• Re:is it just me? (Score:5, Insightful)

      by MagikSlinger (259969) on Thursday April 14, 2011 @11:28AM (#35818296) Homepage Journal

      Tyler Cowan wrote an interesting hyopthesis called "The Great Stagnation" (available only as an e-book on Amazon). Basically, there were easy pickings for growth: revolutionary technologies like electricity, lots of land, lots of opportunity. Now, there are no low-hanging fruit to get high growth again. Everyone else is simply playing catch-up.

      For America, the problem is that for the last 20 years, being a lawyer or Wall Street-type manager or financial manager was where the money was. Unfortunately, those types don't actually create anything. They are, at best, enablers of the people who do and make things. In most cases, though, they are simply fat parasites on the free market draining our best & brightest into pointless careers making derivatives, etc.

      America's decline isn't from government, or even necessarily the Rich and Powerful, but from her people. They've turned their back on getting rich by working hard (understandable because of above) or inventing & discovering things. They've turned their back on learning and education (See for example, TLC's transformation from a science/learning channel to reality TV channel). They've also begun turning their back on science and logic in favor of "gut feelings" (Thanks, Glen Beck and Fox News!).

      Unless America opens up its borders again, I'd say: get used to it.

      • Re:is it just me? (Score:5, Insightful)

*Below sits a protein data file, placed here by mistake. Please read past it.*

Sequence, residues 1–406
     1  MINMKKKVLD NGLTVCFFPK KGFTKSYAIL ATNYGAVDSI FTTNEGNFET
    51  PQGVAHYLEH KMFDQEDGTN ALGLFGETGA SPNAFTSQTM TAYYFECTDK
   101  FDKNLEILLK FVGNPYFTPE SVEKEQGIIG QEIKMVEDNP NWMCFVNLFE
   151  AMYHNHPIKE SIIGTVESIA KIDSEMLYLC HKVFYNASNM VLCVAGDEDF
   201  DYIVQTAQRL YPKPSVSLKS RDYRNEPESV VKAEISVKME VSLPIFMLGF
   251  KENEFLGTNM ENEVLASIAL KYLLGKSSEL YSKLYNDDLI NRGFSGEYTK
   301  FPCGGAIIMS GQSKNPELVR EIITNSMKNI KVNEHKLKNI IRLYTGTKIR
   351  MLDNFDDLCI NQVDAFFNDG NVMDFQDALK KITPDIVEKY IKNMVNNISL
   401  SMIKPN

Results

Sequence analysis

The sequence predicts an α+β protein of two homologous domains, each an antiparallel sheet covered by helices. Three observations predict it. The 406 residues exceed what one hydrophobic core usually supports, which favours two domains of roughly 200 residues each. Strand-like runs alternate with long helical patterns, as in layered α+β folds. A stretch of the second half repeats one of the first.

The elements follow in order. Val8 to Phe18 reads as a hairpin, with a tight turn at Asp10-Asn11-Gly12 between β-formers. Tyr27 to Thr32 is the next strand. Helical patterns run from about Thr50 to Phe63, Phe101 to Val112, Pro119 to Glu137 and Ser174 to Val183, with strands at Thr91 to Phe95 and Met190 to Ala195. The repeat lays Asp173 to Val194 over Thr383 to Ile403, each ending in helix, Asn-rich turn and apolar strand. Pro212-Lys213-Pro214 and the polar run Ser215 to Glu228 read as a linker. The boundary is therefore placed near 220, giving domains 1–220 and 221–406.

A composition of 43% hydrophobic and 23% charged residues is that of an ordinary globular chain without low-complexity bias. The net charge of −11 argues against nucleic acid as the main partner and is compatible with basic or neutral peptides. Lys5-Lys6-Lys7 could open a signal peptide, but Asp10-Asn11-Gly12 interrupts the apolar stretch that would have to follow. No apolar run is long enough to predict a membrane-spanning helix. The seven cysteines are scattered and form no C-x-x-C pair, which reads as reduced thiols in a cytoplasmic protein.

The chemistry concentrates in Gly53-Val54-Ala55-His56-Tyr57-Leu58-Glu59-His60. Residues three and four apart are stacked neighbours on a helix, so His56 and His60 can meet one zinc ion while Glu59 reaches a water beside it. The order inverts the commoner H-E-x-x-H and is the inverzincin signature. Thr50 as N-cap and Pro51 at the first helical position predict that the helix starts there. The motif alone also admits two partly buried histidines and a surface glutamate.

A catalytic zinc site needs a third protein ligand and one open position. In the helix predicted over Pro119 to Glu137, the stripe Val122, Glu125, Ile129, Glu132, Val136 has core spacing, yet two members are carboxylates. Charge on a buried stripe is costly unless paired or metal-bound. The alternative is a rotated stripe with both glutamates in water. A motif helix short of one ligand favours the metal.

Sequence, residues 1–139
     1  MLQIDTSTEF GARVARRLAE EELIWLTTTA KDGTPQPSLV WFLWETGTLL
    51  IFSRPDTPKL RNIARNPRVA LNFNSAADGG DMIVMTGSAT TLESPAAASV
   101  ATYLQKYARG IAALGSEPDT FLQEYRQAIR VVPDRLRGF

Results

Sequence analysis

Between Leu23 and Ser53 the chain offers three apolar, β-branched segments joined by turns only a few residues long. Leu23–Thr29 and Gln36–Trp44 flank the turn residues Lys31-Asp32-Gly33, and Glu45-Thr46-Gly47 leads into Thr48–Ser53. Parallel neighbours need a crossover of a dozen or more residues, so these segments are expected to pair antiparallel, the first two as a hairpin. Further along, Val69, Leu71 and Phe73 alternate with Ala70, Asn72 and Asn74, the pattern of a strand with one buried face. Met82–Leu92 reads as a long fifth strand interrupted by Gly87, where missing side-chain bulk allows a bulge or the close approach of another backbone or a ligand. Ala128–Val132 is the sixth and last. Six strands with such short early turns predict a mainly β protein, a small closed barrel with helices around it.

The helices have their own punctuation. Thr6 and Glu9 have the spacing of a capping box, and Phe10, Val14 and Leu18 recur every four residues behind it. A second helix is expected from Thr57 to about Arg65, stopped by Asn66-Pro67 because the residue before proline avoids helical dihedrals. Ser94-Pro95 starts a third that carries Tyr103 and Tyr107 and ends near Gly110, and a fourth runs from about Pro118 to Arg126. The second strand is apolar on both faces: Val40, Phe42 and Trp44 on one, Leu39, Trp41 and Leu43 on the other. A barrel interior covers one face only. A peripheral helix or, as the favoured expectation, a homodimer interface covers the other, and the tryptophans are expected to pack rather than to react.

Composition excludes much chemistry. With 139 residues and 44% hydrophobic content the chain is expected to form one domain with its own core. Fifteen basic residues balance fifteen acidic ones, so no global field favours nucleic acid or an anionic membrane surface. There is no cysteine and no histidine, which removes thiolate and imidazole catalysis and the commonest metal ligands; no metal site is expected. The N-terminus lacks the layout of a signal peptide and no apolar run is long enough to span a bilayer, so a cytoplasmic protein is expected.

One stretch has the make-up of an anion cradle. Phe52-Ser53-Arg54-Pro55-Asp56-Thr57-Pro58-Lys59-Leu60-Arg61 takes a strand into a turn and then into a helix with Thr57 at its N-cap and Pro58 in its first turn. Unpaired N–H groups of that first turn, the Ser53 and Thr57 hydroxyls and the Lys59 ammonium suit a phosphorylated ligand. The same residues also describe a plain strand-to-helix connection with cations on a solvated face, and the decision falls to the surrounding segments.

by mlts (1038732) * on Thursday April 14, 2011 @12:17PM (#35818910)

        I'd probably pin the decline of the US on a number of factors:

        1: The view that engineers, mathematicians, and computer scientists are "nerds" and deserve contempt, while someone who might kick around a ball for 5-10 minutes is considered a superhero. China and Russia value their scientists, like how we in the US did in the 1950s-1960s. Now since science is considered "beneath" most Americans, compared to business or law, not sowing out seeds in the field means a crappy harvest. You are right, we had a long while where attorney was the meal ticket. Now, there isn't much they can parasite off of, so those fields are drying up. Until people in the US as a whole start valuing the people that innovate, as opposed to a sports hero, or Justin Beiber, the economy will remain stagnant, and the jobs that don't move overseas will be taken by H-1Bs.

        2: Lack of interest in R&D. Companies here either license new stuff, buy the company that has it, or litigate the company that has something they want out of existence. Actual old school R&D like PARC or Bell Labs isn't done anymore, and it is blamed on "product liability". Even the government isn't that interested in keeping innovation. So, obviously (OB car example), when the gas is turned off to the engine, it stops moving. No seed funding == no cool new things coming from labs.

        3: Espionage. To a PHB, security has no ROI. They really don't give a shit if their corporate trade secrets mysteriously appear in Beijing or Tehran as long as they have good sales numbers for this quarter. So, even with innovation, it is stolen by other nations that actually value security. Until companies actually give a shit about keeping their stuff secure, any research done in the US is a freebie given to BRIC.

        4: Lack of education in the US. Other countries value education, and help fund it for their citizens. For an American to get to a similar education level as an average French or German adult at the age of 25-30, it will take $20,000 to $50,000 worth of tuition. For an average American to get to the level of education of a German cop (not a lawyer, a street policeman) it would take over six digits of tuition spent.

        Until these are addressed, the slide will continue.

        • Re:is it just me? (Score:4, Interesting)

          by geekoid (135745) <dadinportland&yahoo,com> on Thursday April 14, 2011 @12:34PM (#35819118) Homepage Journal